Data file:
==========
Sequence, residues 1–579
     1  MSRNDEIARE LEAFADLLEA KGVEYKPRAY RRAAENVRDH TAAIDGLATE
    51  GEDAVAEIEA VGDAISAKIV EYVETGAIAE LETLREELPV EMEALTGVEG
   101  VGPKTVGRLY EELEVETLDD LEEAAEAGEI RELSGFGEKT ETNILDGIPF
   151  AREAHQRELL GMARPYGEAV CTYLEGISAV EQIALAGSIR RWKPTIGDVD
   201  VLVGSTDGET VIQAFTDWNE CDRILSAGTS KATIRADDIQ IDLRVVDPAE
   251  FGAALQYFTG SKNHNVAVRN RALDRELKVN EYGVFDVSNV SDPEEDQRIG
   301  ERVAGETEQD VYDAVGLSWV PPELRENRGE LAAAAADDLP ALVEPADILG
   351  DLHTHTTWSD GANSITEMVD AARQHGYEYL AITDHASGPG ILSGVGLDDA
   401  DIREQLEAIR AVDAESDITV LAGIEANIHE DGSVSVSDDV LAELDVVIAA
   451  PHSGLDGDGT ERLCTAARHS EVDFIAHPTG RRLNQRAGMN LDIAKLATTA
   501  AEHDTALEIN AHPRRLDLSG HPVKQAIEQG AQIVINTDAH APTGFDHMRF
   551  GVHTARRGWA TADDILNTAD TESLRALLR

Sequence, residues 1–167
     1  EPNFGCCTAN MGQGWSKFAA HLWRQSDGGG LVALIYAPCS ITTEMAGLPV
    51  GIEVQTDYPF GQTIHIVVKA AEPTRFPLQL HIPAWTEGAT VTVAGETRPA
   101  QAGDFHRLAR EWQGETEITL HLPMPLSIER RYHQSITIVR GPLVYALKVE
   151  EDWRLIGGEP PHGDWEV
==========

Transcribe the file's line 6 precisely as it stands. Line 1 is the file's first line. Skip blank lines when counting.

   201  VLVGSTDGET VIQAFTDWNE CDRILSAGTS KATIRADDIQ IDLRVVDPAE